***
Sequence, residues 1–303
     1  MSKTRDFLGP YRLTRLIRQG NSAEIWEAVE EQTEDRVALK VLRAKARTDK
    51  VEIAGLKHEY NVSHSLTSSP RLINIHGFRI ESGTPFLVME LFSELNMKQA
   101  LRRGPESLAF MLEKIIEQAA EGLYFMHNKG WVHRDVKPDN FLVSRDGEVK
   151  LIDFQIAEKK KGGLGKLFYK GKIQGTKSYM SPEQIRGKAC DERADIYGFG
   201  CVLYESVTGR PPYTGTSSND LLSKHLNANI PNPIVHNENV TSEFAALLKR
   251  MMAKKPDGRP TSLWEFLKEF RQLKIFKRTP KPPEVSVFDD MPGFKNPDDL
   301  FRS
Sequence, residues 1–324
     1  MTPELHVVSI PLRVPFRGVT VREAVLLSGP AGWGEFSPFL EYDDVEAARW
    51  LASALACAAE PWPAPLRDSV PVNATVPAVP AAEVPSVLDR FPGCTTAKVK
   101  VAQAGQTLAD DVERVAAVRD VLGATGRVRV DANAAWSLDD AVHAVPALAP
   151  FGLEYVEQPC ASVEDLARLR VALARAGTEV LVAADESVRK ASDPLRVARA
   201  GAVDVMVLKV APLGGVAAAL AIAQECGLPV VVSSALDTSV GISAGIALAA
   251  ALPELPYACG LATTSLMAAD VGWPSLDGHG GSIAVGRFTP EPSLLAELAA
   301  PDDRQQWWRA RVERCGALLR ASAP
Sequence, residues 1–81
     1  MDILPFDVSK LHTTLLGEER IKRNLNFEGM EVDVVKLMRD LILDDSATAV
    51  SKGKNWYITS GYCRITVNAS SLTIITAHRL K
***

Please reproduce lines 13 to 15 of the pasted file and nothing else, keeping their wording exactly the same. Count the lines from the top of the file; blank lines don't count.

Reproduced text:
   151  FGLEYVEQPC ASVEDLARLR VALARAGTEV LVAADESVRK ASDPLRVARA
   201  GAVDVMVLKV APLGGVAAAL AIAQECGLPV VVSSALDTSV GISAGIALAA
   251  ALPELPYACG LATTSLMAAD VGWPSLDGHG GSIAVGRFTP EPSLLAELAA